BENNINGTON -- Kenneth Lonergan, 48, said he saw little purpose to finishing high school while growing up in Long Island in the late 1970s. "I dropped out of school and I was making more money than the teachers were making."
Twenty-one-year-old Norman Robinson III, a Bennington native, said he similarly dropped out a few years ago when a job opportunity presented itself. But both eventually found themselves returning to obtain their high school diplomas.
"The high school diploma thing held me back, every job I went to," Lonergan said, after more recently moving to Arlington. "I missed out on a lot of really good jobs. ... They said, ‘We really like you, but you don't have your high school diploma.' ... So I decided it was time to go for it."
"I really wanted it because I felt like going to college," Robinson said. Following his participation in high school graduation ceremonies at Mount Anthony Union through The Tutorial Center's Adult Diploma Program, Robinson said he plans to enroll at Community College of Vermont in Bennington next fall to pursue a computing-related field.
Lonergan, who also earned his diploma last month through The Tutorial Center with the 2013 cohort at Arlington Memorial High School, plans to take classes at either CCV or the Southwest Vermont Career Development Center in business.
With more than two decades separating them, the two graduates reflect the diversity of students in The Tutorial Center program which allows adults the opportunity to earn the high school diploma they never received.
Word of mouth continues to draw new enrollments.
"About halfway through me doing it, I convinced my mother to do it with me, because she dropped out when she had my brother," Robinson said.
The Tutorial Center also benefits from agency referrals and a good working relationship with administrators and guidance counselors in local schools.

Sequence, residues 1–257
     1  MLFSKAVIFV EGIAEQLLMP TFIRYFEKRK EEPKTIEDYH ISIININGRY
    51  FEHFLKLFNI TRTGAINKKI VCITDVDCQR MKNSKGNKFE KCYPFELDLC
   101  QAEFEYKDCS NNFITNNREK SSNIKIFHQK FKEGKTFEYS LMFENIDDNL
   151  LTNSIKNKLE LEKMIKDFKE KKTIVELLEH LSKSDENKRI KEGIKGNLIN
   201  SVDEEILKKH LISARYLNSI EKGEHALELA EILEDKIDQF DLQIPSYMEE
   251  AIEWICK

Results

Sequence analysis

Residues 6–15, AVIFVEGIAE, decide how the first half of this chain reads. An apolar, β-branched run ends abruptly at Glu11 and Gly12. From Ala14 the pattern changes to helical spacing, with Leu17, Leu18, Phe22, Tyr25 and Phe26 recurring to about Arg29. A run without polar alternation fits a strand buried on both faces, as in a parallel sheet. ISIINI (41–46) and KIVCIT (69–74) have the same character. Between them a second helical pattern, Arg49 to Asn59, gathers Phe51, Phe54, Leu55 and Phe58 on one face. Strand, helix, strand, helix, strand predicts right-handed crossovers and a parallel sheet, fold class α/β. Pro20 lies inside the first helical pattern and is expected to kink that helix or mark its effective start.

Students have ranged in age from 18 to 81, and each takes a different path toward completion based on their interests and learning strengths according to Jena Holmes-Thomas, the program's assessor.
Adult classes are held in both tutorial center locations, in Bennington and Manchester, as well as in Pownal twice a week. The non-profit centers also offer after-school tutoring, a General Educational Development diploma program, employment readiness, adult literacy, and enrichment services.
Supported largely by Vermont Agency of Education and state fee-for-service funds, Executive Director Jack Glade said the centers serve about 350 adults and 200 school-age children on an annual basis between all programs.
Between the two diploma programs and GED recipients, The Tutorial Center can boast the third largest (albeit informal) graduating class in Bennington County with an average 70 students each year.
"We're the only center that does all this," kindergarten through adult, Glade said, serving as a "model of what a community education center can be."
How does the same site serve both 9- and 40-year-olds? "There's an art to it, but it's synergistic," Glade said. Whether nine, in high school, or an adult, "you're all just here to get educated."
After the state Legislature's passage this year of S.130, an education act known as the "flexible pathways" bill, The Tutorial Center will be incorporating the Adult Diploma Program into its High School Completion Program, which is similar but was formerly only offered to those ages 16 to 21.
Glade said the latter program was newer and designed for younger students, both in and out of school, with features like college coursework or internships that have been found to be suitable for older adults as well.
Holmes-Thomas said the hallmark of both programs was how they are tailored to each student. "It can be very specifically focused on that individual," she said.
"The challenge for me was I hadn't been in high school for so long, so I was kind of worried about doing research papers," Lonergan said. Both graduates completed most of their project-based work outside the center, at home.
Glade said the timeframe for completion was different for every student, who enroll whenever they decide to walk in the door.
"We move along as quickly as they want to move along," Glade said. "It's all very student-directed."
For Robinson, the program took a little under a year. After Monday's interview, he said he was going to be calling to inquire about the center's Bridge to College and Careers Program, a partnership with CCV.
Lonergan's studies were put on hold for a year while he battled illness. He returned in January to complete the program. "I found it felt like you never were going to get there," he said. But the center's staff "all want to see you succeed. They're here for you, to help you -- whatever you need."
"So when I finally got there and picked this up, it was a pretty good feeling," Lonergan said, holding his diploma in hand.
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